Scottish government launches post-COVID strategy to increase digital skills and participation

The blueprint sets out plans to drive economic growth, reform public services and prepare the future workforce for an increasingly technological world

The Scottish government has published a renewed digital strategy, setting out a number of “ambitious reform” objectives centred on digital investment and prosperity.

The updated plan, A changing nation: how Scotland will thrive in a digital world, is split into the three divisions of: people and places; the digital economy; and digital government.

The 111-page document specifies goals for increased use of technology across Scottish education and government, on top of heightened focus and investment in digital industries, while outlining plans to drive post-pandemic economic growth, reform public services and prepare the future workforce for an increasingly connected technological world.

In terms of public services, the government has said it plans to take a new unified approach across both internal and external organisational boundaries. As stated in the strategy: “We will set out new and ambitious reform programmes for key areas of government, including health and social care, learning, justice, planning, schools and agriculture and the rural economy. Recognising that delivery processes, and the user experience, often cross traditional departmental boundaries, much of this work will require the breaking down of those traditional barriers.”


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The government has noted that inclusivity and accessibility will be key priorities in the design and delivery of such services. “This will include the development of tools, processes and approaches that will allow identity to be established in a secure and sympathetic way for the digitally excluded,” the strategy explains.

Additionally, the document stresses digital data and infrastructure as “critical”, emphasising that these elements include much more than “physical connections”.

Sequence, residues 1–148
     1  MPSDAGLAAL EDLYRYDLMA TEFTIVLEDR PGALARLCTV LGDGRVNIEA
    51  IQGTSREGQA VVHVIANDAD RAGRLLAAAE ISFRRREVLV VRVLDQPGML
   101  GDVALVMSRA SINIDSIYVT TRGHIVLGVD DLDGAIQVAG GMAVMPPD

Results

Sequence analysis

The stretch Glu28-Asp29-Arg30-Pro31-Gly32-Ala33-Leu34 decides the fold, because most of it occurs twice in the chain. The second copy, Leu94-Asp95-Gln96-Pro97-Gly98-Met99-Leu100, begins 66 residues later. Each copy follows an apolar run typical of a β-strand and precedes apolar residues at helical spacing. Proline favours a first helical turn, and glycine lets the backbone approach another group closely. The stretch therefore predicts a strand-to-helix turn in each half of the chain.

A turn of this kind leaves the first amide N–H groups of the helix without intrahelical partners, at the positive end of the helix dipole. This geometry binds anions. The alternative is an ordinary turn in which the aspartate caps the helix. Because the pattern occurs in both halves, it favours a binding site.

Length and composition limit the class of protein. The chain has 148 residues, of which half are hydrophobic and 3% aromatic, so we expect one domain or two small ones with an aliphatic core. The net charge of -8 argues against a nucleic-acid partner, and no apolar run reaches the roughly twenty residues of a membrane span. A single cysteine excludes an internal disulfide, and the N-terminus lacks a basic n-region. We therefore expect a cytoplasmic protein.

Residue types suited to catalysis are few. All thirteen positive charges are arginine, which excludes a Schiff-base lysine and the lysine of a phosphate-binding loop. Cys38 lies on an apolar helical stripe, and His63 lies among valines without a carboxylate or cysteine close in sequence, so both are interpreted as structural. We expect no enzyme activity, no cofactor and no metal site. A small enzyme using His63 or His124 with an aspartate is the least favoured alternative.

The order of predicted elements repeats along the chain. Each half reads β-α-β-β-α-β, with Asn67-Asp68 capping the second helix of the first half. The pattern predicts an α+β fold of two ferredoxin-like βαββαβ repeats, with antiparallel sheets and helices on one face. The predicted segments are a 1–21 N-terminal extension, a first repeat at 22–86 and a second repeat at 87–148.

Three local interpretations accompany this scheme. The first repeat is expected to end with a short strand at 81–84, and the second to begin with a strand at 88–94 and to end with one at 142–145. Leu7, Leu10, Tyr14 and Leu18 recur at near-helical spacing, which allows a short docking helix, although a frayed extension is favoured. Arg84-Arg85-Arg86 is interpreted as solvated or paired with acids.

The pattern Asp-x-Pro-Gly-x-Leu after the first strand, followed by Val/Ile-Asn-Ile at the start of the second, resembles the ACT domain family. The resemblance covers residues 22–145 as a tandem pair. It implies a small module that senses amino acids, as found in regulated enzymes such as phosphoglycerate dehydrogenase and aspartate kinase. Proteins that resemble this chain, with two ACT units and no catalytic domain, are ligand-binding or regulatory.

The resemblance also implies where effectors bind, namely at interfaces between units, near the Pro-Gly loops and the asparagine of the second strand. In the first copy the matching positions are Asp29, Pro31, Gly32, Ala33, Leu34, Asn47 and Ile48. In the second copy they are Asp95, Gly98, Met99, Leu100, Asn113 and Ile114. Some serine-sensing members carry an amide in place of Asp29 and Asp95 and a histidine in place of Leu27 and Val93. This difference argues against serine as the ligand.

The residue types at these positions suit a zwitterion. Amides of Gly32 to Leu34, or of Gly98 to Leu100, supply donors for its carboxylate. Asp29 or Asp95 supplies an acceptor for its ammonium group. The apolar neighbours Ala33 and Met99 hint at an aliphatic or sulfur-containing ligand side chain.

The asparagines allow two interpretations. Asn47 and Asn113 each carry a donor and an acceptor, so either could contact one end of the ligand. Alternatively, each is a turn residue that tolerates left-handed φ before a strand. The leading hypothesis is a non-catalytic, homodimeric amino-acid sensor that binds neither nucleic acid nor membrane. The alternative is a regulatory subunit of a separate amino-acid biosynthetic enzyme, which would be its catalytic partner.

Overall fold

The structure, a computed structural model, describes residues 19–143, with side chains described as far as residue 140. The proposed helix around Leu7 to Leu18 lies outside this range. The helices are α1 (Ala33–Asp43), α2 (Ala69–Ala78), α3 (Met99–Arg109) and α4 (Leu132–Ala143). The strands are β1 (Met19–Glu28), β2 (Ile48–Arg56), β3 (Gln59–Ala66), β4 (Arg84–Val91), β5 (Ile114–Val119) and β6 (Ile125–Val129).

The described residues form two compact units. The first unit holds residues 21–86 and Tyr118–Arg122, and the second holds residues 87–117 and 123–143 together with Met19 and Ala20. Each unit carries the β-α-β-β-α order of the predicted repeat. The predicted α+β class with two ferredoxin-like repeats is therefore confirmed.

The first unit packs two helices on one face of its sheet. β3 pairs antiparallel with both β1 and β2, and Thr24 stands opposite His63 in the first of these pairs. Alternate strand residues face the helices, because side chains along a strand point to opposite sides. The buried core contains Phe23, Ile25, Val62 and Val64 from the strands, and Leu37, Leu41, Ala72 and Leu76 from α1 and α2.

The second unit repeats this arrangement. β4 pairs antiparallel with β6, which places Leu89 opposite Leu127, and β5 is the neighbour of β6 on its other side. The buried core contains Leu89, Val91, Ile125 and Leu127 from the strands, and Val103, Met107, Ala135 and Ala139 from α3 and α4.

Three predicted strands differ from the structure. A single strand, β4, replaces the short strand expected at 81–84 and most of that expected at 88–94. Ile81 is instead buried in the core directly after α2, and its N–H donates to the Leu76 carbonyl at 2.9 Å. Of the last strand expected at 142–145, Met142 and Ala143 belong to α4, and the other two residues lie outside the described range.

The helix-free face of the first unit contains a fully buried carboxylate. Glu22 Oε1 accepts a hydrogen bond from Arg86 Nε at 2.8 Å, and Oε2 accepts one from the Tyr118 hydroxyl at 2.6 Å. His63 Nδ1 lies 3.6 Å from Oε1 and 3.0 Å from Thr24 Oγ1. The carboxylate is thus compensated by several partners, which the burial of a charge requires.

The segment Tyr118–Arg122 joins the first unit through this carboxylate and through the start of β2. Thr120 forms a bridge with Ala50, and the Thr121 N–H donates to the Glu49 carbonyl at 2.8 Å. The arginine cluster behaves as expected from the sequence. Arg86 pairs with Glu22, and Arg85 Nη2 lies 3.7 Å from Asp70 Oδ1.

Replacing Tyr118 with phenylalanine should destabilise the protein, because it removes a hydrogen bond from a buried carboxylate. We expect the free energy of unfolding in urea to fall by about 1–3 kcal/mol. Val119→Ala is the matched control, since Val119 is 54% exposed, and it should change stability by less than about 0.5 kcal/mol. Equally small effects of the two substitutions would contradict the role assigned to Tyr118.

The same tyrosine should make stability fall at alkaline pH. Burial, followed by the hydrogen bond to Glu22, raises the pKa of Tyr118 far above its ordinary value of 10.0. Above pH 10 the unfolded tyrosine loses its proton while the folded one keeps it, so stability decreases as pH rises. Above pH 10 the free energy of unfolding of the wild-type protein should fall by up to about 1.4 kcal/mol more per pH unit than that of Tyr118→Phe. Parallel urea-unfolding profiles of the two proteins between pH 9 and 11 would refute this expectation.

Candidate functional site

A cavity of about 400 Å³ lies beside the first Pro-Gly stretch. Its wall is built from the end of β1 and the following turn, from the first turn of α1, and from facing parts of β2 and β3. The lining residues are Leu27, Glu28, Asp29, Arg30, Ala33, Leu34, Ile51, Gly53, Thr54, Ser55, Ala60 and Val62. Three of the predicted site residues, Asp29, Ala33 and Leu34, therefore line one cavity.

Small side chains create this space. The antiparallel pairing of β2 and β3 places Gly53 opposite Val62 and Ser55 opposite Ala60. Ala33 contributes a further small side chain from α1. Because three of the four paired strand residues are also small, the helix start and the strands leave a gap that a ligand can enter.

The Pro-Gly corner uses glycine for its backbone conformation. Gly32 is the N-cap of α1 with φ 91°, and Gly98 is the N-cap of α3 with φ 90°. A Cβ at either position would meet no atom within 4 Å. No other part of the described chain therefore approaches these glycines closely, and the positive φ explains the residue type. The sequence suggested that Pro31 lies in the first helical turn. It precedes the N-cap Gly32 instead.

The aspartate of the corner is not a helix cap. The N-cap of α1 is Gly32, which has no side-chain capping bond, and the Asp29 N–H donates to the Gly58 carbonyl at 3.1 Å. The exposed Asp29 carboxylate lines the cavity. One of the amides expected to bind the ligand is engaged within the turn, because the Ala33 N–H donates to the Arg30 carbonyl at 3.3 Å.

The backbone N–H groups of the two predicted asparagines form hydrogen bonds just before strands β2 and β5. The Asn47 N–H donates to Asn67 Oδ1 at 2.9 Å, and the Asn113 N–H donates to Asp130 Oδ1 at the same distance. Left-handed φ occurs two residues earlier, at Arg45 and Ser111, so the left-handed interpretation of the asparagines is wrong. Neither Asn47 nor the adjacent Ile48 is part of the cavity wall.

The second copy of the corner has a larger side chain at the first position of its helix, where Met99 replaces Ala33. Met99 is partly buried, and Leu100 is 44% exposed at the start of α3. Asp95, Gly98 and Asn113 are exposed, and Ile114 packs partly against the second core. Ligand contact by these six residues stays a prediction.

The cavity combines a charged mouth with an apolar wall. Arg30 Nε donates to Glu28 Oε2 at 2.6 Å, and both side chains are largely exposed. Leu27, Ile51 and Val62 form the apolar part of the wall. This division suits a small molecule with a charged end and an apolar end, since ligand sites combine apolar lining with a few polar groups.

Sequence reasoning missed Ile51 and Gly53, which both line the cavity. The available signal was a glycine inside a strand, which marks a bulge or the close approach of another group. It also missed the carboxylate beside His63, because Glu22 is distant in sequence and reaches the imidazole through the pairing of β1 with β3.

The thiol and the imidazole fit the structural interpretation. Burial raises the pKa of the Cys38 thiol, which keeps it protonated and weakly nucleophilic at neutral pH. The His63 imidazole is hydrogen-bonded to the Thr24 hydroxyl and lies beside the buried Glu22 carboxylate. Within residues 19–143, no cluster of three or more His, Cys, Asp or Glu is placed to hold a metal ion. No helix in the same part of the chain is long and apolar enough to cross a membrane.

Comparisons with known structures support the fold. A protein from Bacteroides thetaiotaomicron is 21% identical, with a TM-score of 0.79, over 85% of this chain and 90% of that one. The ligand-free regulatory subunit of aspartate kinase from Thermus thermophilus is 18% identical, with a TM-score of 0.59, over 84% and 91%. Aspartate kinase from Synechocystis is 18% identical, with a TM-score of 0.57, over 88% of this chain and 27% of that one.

It adds that all areas of Scotland and all citizens should have access to “good-quality” connectivity moving forward.

When it comes to digital upskilling in both education and training to “rapidly increase the number of digitally skilled individuals graduating from our universities and colleges each year”, the government aims to help organisations become “secure digital businesses”, allowing them to recruit and retain skilled digital talent.

The plan is to open access to digital opportunities to all individuals regardless of age or background, establishing an “ethical framework, to define the sort of nation we wish to become”, as the document explains.

Scotland’s minister for trade, innovation and public finance Ivan McKee says in the report’s foreword that one perk the pandemic is that it has highlighted the importance digital technologies and industries – but, he stresses, it has also further illuminated the threat of digital inequality and exclusion.

“[COVID-19] has reminded us all that whilst technology can transform lives for the better, it’s essential that we ensure that no one is left behind,” said the minister.

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